In an earlier post, I pointed out that not even the most heartless Ayn Rand disciple would go as far as some city governments and make it a crime to feed homeless people. I singled out Las Vegas as an example, citing a report by the ACLU:
In 2006, the City of Las Vegas became locked in a bizarre war with homeless advocates, and decided that no one should be engaging in charity in the public parks… When the ACLU of Nevada took issue with this interpretation of permit laws, the City took a more direct approach: it explicitly outlawed the sharing of food with anyone who looked poor…
Other homeless individuals were being kicked out of parks under a questionable trespass policy called “86”ing, where Park Marshals essentially took photographs of certain people – almost always homeless people – who were then kicked out of the public parks on pain of a trespass misdemeanor if they returned. The 86ing process had no paperwork, no right to appeal, and no due process whatsoever.
In my post, I summarized this mindset as, “How dare you help the poor yourself! You should be paying us to help them.”
In a comment, Jeff Gamso offered a different theory:
You probably give Las Vegas too much credit when you say that it insists that it alone provide for the needs of the poor.
The real message, I suspect, is that it doesn’t give a rat’s ass for the poor and that anyone giving them sustenance induces them to stick around rather than either dying or migrating to a less heartless community…
I had assumed Las Vegas has some sort of city-approved homeless services through which they wanted to funnel all aid. But I have to admit Gamso’s theory seems plausible. We could probably summarize that mindset as, “Ick! Smelly, smelly homeless people!”
Out of curiosity, I decided to Google around to see what kind of homelessness programs were available in Vegas, and it turns out there are a few. The real payoff, however, came from finding the official Las Vegas city government Ten-Year Homeless Services plan which specifies a grand total of two (2) programs for the homeless.
I admit don’t know much about homelessness, or what cities try to do about it, but neither of these two programs seems intended to actually help the homeless.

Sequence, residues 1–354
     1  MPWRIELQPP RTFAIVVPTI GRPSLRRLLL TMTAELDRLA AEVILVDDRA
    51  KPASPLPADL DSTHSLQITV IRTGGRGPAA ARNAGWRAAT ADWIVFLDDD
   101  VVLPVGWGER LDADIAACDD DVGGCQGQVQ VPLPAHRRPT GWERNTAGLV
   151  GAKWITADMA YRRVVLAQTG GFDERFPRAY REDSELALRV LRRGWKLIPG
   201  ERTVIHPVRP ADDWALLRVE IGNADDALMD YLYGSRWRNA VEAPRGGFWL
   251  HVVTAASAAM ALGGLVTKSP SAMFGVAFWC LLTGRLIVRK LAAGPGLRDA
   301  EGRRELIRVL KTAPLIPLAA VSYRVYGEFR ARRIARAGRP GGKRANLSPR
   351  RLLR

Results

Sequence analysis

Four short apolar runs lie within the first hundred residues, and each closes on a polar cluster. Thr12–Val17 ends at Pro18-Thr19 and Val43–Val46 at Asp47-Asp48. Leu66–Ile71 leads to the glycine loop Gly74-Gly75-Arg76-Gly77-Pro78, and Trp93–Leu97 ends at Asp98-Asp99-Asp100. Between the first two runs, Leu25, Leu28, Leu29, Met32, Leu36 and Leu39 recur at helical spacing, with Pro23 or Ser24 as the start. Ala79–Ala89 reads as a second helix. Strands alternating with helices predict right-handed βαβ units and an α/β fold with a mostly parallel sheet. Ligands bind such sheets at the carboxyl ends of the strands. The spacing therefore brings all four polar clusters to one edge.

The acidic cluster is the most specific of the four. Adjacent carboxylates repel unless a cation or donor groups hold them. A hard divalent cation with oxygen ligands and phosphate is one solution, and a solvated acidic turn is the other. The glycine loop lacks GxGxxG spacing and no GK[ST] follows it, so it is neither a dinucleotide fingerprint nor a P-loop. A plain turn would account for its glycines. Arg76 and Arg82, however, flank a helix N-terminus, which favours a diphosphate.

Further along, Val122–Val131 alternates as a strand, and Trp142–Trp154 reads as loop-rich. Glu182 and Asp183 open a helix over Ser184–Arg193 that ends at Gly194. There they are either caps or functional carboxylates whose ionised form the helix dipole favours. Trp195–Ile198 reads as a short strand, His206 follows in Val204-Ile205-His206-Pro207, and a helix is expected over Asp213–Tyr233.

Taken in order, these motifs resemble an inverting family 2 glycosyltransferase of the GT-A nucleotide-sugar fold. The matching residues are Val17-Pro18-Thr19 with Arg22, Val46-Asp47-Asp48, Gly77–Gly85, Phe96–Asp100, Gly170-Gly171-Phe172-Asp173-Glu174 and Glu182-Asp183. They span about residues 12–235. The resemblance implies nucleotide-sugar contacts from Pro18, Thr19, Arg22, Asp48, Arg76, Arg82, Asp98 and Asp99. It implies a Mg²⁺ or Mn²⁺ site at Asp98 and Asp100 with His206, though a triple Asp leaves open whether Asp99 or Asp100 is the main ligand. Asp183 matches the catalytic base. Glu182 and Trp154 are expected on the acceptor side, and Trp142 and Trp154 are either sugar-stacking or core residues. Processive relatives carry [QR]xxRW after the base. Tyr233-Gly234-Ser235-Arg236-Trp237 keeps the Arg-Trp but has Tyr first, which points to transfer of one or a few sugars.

Reconnection to Family Program
This program provides one-way, one-time, out-of-town transportation assistance to individuals and families to reach designated housing with awaiting family and/or other secure housing situations and support.
In other words, although they try to dress it up as a plan for reuniting families, I think we can summarize Part 1 of Las Vegas’s Ten-Year Homeless services plan as putting homeless people on a bus out of town.
So it seems Jeff Gamso was right. At least until you read the description of the second program (complete with spiffy brochure):
Donation Stations to End Homelessness
A way to contribute to the city’s Home for Homeless Nevadans: 10 Year Plan to Reduce Homelessness. Spare change normally given to panhandlers will be redirected into programs for those at-risk of homelessness and currently homeless in the city of Las Vegas. Restored parking meters are painted a vibrant green color and installed in strategic downtown locations with significant foot traffic and panhandling issues. All collected coins will go directly to enhancing the city’s Housing and Homeless Services Program.
In other words, the goal of this program is to get residents to stop giving money to the homeless, and instead to give to the city of Las Vegas, which promises to use it to do nice things for homeless people. Perhaps even putting them on a bus out of town.
So it looks like Jeff Gamso and I were both right: The people who run Las Vegas don’t give a rat’s ass about homeless people, and they want you to pay them rather than helping the homeless directly.
I have to admit I don’t know much about homelessness, so before I posted this, I wanted to make sure I wasn’t criticizing programs that were actually more effective than they sounded. I contacted Neil Donovan, Executive Director of the National Coalition for the Homeless, who responded that
Unfortunately, these idea are all too common. They are even suggested by some “federal partners” and “advocacy” organizations. Las Vegas just happens to be “one of the best of the worst ideas”. It’s all too apparent that the homeless were not part of this planning process.
He went on to make a very important point about how governments respond to homelessness:
Las Vegas and hundreds of other communities are so frustrated by the chronic nature of this national social crisis called homelessness that they criminalize the very activities of daily living for those who are unhoused…
The homeless are hardly the only group that finds their everyday life to be the target of law enforcement, but they may be the least able to resist through the political process. Even worse, they are also the least able to give in: Criminalize driving while using a cell phone, and I’ll switch to a hands-free system, but what the heck is a homeless person supposed to do if you make it a crime to search dumpsters for food or accept handouts from strangers? Criminal punishment only works as a deterrent when people have options.